Paternity test helps in criminal cases. In everyday life, some husbands resort to the test as a means to prove if they are cuckolded
"In our centre, cases about fathers hoping to confirm blood relationships with children take a big share. Fortunately, only 20 per cent of the fathers have been excluded as the biological father of the child." Li Li, Deputy director of The Laboratory of Forensic Biology
JOHN Xu had been racked with doubt after he took his four-year-old son with him to work. One of his
colleagues said, "The boy doesn't look like you at all. Could it be the son of someone else?" Other colleagues agreed. Xu initially took it as a joke.
But later he observed his son carefully and realized there were few similarities in their physical characteristics or personality. However, the boy's eyes and nose were identical to a close male friend of his wife.
Xu's suspicions about a possible affair between his wife and the friend disturbed his family's peace but his wife had no idea about the cause. Xu periodically quarreled with his wife and vilified her with accusations about her faithfullness. Eventually, she turned to turn paternity testing to prove she was in the clear.
The couple took their son to the Institute of Forensic Sciences under the Ministry of Justice for paternity testing. The results proved he was the biological child of Xu and his wife.
"Paternity testing used to be found only in forensic biology but now it has wider use, especially dealing with civil affairs or disputes," said Li Li, deputy director of The Laboratory of Forensic Biology in the institute located next to Suzhou Greek.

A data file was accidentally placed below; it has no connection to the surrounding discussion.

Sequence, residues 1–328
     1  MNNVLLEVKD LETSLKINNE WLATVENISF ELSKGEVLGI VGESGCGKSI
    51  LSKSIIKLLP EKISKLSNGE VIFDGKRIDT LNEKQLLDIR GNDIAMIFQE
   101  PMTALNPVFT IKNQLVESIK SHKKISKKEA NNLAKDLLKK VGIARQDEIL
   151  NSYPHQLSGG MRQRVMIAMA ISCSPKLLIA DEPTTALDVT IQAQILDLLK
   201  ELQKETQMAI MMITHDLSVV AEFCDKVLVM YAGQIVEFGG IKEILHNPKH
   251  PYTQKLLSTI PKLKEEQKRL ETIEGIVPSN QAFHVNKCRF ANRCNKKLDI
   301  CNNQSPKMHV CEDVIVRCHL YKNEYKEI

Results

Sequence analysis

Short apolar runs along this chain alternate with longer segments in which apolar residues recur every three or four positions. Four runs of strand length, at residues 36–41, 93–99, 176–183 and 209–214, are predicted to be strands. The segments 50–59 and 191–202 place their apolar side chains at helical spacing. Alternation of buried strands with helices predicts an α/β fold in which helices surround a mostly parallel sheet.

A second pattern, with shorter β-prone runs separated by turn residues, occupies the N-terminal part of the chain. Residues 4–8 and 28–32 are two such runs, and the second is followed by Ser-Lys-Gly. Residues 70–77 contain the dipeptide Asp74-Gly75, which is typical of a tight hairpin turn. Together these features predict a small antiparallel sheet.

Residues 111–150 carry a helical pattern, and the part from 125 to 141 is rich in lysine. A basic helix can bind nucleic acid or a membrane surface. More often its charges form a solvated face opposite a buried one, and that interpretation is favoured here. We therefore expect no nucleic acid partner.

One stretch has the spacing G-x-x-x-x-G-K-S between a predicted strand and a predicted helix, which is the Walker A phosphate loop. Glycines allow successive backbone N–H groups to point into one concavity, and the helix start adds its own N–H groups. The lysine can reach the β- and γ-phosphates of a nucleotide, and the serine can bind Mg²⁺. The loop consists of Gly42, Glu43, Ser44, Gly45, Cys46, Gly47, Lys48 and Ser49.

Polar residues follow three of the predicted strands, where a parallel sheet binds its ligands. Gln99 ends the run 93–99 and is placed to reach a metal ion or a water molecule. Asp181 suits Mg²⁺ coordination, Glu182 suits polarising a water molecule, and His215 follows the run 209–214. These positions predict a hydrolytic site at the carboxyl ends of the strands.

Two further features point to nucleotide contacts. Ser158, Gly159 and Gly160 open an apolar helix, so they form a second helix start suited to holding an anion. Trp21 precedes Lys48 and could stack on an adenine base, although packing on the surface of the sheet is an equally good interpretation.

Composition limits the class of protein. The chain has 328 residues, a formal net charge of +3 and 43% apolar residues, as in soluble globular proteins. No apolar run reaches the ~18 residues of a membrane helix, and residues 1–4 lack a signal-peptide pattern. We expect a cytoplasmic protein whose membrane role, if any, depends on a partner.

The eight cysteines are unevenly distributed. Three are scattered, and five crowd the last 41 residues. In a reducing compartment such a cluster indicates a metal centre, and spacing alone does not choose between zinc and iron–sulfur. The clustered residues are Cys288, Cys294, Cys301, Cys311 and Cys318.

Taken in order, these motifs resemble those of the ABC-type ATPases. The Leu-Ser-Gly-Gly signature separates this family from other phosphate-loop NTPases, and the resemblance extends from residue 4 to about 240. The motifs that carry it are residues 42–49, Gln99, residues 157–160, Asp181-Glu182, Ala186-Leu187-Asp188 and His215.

Since the 1980's, paternity testing has developed into an effective and accurate technique to confirm the blood relationship between parents and children or siblings.
DNA is the genetic material in the cells. Every cell is made up of 46 chromosomes, half of which come from the sperm cell of the father and the other half from the egg of the mother. Thus, a person receives half of his/her DNA from the biological mother and the other half from the biological father.
"Blood used to be the only sample used for paternity tests," Li said. "Fresh blood was required to be sent to our laboratory within 24 hours. Now, they just need several drops of blood or the blood absorbed by a small piece of gauze to give to our laboratory."
In addition, the test can be performed on a much wider variety of samples, including those from body tissue, hair, cells from the cheek, amniotic fluid and others. An overseas Chinese couple whose child lives in the United States even had a paternity test done in Li's laboratory by sending three samples of their hair. "Since DNA in these cells is the same as in the blood, the accuracy of the test from such samples is no different from that of blood," Li said.
The scientists magnify the DNA in the samples several million times, making them large enough to reveal hereditary information. By comparing samples, it can be determined, based on certain hereditary principles, if a blood relationship exists between the samples.
"At least 13 DNA samples should be tested. The blood relationship can be absolutely excluded if two or more probes don't match. The accuracy of paternity testing in our laboratory is about 99.95 per cent," Li said.
To determine whether the alleged father is the biological father of the child, the mother needs not be tested. However, she is usually required to be present during the testing.
Only two institutes in the city are approved to perform paternity tests and provide test results: Li's institute and the Shanghai Blood Centre. Both deal with civil affairs but the latter only accepts cases sent by the courts or other judicial departments.